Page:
This context for this post began as a dispute between me and my brother Ã¢â‚¬â€œ Or rather my brother disputing me, but either way, I wanted a way to verify the distances being tracked by my Nike+ Sportband pedometer. By accident whilst crawling the Windows Mobile Marketplace for free applications (I don’t like paying for […]
This context for this post began as a dispute between me and my brother Ã¢â‚¬â€œ Or rather my brother disputing me, but either way, I wanted a way to verify the distances being tracked by my Nike+ Sportband pedometer.
By accident whilst crawling the Windows Mobile Marketplace for free applications (I don’t like paying for them) I spotted Endomondo, a free community driven GPS running application for Windows Mobile.
I downloaded the application to my phone and over HSPDA it installed in less than a minute. You can use the software by itself without registration or you can signup online. I signed up online to see what it was all about and it’s really nice.
My phone has internal GPS which is a must for this to work (I wouldn’t recommend carrying a Bluetooth GPS module too). I normally use my Microsoft Zune to listen to music while running however fortunately my HTC Touch HD is the same size as the Zune so I was able to use my Zune armband to hold the phone.
By creating a profile on the website you allow for a couple of things to take place:
- An online log of your runs
- Calculation of calories burnt
- Instant upload
One and two are the norm for me using Nike+. My online profile requires me to complete some information about me and as a result it can calculate my estimated calorie burn although not precise as there is no corresponding heart rate information.
Three however makes this really interesting. Firstly, I have a data package for my phone is is needed unless you want to find Ã‚Â£2.50 per megabyte or whatever the price these days attached to your phone bill. As the GPS data is gathered the phone displays in nice big text the time run and the distance travelled along with the satellite status (Green for OK and Red for No Signal). In real-time the data is uploaded to the website, which means if I wanted to for example, I could leave a PC with the website for Endomondo open and allow people to see my progress on the run. Although gimmicky to me, I’m sure someone such as a personal trainer could find a powerful use for this.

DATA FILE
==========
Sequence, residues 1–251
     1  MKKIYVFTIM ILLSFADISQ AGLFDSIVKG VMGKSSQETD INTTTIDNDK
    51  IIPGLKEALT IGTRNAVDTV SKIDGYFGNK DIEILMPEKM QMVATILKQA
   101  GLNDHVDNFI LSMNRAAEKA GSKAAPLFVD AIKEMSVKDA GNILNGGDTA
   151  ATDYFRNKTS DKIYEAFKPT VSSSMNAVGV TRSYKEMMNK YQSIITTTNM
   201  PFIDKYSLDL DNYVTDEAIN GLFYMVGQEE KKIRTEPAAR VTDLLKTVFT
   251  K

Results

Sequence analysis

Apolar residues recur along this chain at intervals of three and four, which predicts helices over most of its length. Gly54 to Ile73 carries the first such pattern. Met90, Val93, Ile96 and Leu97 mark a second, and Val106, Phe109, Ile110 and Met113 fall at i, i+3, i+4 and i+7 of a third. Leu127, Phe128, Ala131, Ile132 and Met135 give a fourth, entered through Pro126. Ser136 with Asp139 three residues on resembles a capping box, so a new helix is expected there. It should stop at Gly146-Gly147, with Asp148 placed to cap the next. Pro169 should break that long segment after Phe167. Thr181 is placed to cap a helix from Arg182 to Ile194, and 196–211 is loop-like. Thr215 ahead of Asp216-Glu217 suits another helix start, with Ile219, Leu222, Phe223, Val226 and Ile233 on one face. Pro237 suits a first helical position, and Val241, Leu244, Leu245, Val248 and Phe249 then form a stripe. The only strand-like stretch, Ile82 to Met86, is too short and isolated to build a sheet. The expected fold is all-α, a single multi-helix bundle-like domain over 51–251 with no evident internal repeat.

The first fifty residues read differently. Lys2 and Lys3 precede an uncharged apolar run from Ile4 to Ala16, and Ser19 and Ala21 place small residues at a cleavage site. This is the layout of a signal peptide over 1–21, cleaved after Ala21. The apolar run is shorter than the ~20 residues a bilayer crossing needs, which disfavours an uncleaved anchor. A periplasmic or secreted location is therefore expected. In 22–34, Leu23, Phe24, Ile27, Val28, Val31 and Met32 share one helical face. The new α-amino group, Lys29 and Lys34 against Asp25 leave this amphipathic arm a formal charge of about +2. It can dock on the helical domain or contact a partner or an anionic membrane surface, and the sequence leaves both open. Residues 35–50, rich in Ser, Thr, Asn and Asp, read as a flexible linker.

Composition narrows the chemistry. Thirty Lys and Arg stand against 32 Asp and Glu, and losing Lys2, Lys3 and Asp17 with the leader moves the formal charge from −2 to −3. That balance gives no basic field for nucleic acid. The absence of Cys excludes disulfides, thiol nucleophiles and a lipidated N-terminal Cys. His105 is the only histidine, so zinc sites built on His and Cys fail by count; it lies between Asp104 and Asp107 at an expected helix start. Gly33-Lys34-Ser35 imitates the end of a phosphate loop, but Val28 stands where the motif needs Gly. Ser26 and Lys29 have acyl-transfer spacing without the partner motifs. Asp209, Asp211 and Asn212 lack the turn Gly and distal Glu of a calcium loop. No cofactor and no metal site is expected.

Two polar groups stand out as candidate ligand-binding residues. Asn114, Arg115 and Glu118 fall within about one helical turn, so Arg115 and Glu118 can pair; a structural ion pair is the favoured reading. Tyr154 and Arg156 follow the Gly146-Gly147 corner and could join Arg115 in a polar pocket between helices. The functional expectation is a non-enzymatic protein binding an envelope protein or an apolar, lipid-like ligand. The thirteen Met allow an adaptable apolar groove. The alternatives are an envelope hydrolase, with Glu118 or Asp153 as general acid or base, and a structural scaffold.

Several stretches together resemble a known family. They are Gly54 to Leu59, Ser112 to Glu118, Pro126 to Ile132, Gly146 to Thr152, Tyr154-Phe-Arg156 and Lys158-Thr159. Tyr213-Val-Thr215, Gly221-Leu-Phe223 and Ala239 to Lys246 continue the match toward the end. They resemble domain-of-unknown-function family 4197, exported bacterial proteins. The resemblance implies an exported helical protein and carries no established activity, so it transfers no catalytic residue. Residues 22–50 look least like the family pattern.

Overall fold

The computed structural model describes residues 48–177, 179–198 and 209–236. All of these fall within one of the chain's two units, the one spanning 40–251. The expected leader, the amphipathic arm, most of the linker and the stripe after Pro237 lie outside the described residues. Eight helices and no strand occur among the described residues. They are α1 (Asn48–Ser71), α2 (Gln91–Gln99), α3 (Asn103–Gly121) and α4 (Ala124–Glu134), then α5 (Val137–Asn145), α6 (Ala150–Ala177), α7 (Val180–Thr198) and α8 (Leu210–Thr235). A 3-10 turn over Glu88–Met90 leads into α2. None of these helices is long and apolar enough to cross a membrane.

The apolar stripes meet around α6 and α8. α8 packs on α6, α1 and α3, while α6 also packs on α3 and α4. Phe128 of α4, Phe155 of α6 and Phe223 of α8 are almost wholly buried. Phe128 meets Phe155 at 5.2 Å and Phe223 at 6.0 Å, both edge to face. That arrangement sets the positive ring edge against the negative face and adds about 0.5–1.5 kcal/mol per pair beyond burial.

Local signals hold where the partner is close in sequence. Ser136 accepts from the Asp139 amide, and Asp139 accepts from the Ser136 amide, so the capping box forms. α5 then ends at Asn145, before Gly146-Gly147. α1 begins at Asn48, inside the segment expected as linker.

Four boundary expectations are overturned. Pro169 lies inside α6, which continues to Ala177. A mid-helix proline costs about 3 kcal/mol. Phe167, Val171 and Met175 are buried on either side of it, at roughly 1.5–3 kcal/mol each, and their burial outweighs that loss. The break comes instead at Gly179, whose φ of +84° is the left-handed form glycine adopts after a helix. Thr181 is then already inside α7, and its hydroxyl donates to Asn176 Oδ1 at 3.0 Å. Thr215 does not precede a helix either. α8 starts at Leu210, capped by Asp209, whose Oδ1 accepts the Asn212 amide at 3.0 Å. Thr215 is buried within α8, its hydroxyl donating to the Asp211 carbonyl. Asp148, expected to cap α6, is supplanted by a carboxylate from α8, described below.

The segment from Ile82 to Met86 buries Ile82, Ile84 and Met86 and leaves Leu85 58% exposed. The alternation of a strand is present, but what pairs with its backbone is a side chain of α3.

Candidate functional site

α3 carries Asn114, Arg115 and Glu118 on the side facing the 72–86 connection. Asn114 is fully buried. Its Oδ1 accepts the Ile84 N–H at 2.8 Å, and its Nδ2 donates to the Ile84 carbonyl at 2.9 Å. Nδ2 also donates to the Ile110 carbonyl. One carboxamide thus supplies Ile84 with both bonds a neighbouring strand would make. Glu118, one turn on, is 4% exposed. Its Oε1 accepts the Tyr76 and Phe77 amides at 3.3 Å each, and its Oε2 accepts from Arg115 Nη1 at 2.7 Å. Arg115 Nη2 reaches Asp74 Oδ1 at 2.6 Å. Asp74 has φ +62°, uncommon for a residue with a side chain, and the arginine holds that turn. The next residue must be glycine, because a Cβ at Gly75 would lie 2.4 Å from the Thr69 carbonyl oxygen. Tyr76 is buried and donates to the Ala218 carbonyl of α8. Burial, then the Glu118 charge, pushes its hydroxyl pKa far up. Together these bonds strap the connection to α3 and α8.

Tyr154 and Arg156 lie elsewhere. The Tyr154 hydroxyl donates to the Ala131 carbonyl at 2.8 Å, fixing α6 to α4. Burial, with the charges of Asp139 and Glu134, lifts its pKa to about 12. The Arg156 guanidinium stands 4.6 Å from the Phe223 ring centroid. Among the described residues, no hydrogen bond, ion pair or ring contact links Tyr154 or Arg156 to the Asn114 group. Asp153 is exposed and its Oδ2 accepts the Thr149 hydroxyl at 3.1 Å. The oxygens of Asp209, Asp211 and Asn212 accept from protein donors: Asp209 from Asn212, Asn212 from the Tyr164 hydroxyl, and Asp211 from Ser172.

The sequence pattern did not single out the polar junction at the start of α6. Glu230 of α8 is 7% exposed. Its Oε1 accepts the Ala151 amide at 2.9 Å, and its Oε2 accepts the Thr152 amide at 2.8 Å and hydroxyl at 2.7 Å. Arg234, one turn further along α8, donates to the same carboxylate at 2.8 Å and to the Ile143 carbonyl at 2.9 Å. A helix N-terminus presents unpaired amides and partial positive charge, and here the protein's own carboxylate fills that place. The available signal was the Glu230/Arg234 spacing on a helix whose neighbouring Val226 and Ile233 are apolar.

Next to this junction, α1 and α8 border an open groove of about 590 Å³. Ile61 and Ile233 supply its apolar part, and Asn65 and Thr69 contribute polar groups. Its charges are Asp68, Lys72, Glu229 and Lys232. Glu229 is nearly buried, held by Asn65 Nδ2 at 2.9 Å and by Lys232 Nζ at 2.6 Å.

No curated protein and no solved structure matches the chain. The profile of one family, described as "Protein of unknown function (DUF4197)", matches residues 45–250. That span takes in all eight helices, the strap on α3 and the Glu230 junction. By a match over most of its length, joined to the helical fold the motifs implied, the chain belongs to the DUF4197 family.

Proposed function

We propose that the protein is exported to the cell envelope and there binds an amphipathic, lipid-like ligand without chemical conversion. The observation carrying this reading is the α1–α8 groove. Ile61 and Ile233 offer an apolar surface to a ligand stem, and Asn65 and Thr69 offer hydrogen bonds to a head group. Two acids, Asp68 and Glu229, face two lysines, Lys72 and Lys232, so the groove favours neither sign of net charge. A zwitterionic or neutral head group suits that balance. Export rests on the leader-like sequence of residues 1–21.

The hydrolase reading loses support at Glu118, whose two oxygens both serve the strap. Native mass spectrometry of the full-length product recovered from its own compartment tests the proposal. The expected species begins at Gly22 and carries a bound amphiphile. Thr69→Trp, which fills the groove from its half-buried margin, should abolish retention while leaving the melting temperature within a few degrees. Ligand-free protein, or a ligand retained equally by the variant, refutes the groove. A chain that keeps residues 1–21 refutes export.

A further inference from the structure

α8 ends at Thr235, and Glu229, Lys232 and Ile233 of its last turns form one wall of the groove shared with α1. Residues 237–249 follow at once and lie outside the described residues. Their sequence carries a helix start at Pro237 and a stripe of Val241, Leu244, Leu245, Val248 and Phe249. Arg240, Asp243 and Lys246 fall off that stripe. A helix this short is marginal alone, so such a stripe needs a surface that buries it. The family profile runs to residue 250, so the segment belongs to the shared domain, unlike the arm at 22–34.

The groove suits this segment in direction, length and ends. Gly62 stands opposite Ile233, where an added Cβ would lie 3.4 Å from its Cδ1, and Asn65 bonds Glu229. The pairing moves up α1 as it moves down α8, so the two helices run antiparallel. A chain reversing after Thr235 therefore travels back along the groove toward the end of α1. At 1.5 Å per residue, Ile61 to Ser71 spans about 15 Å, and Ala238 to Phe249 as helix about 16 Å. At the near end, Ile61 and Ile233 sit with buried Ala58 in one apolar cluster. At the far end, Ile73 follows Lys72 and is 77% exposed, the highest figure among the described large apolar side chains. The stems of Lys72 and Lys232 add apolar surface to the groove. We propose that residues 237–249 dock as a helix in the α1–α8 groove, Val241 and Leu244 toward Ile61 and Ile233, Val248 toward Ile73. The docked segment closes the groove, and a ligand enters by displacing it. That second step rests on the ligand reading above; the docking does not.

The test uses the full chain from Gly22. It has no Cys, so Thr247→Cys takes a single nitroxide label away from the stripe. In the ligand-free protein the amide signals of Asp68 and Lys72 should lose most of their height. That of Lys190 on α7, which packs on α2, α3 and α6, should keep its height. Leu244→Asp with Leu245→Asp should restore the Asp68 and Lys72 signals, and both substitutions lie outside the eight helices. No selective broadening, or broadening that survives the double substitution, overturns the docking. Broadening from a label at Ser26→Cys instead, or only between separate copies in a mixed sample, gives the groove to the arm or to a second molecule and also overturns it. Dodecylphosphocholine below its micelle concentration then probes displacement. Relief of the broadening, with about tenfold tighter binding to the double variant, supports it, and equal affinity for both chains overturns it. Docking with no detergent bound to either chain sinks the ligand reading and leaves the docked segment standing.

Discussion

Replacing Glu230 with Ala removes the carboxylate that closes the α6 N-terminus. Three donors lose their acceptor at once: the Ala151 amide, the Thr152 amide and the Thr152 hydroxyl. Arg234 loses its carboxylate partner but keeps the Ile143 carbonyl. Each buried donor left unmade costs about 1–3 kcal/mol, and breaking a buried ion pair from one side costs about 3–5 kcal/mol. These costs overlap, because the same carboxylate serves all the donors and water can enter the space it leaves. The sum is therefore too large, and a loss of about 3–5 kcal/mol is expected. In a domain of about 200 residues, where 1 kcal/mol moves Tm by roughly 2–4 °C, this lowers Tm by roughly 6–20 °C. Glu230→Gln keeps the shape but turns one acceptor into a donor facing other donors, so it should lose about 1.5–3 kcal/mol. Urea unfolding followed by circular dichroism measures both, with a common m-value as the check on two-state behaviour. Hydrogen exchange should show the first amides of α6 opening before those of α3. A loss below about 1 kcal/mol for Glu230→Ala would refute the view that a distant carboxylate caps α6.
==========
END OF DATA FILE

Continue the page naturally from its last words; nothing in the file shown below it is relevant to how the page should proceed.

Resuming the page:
I returned to my PC after the walk and logged into the website and as expected the data was already there:
As you would expect from a GPS tracking product, it shows exactly my altitude, my speed and my route all visually on the screen using a Google Maps API to provide the mapping.
It’s scary really because I’ve only ever been used to the information provided by Nike+ and it’s quite bizarre to be able to see exactly when I crossed the road and exactly what path I took around a roundabout.
All in all, I think this is an excellent product made even more excellent by the fact that it’s free, however I won’t be using it regularly for a couple of reasons:
- I’m terrible at keeping my phone charged which means I would end up wanting a run but being stopped by my phone.
- Windows Media Player on Windows Mobile is clunky. The buttons aren’t easy to press while walking let alone running, and finger gestures aren’t very well accepted for swipe to change track or tap the screen to pause.
- My phone only has 8GB of capacity for all my apps plus music, where as my Zune has 80GB for all my music.
- I want to be able to use Zune as my music service/device so that I get the tracked play counts etc.
My primary use of Endomondo today was to allow me to calibrate my Nike+, however a 10km event I’m entering in Ropley near Winchester later in May might prove an interesting outing for Endomondo to see the how effectively the GPS tracks the altitude change as there is a large hill in the course.
If a version of the Endomondo application becomes available for Windows Phone 7 once released later in the year with it’s native Zune integration then count me in.
Windows Phone 7 + Zune Integration + GPS Running + 32GB microSD card = Success.
UPDATE: I just found a section on the Endomondo website titled Live Map. From here, you can use a feature called Peptalk which allows someone at a PC to type a message which is then converted through text to speed and played out of the headphones / speaker of the persons phone meaning this product is defiantly suitable for Personal Trainers to up the ante.